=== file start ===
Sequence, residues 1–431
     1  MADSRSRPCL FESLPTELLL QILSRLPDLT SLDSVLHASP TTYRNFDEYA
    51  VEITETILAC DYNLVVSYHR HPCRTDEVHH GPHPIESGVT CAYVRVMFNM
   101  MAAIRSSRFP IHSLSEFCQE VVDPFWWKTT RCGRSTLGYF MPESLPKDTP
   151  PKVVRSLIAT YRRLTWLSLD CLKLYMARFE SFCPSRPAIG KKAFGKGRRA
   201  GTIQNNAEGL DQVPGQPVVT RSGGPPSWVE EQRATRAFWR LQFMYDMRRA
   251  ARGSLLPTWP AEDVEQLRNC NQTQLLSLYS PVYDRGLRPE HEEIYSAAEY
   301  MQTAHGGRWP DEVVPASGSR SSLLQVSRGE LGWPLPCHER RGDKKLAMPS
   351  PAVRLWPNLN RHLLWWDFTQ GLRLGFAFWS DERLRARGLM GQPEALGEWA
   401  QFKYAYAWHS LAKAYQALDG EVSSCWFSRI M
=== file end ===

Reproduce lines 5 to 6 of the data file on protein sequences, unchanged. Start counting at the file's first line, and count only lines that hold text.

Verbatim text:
   151  PKVVRSLIAT YRRLTWLSLD CLKLYMARFE SFCPSRPAIG KKAFGKGRRA
   201  GTIQNNAEGL DQVPGQPVVT RSGGPPSWVE EQRATRAFWR LQFMYDMRRA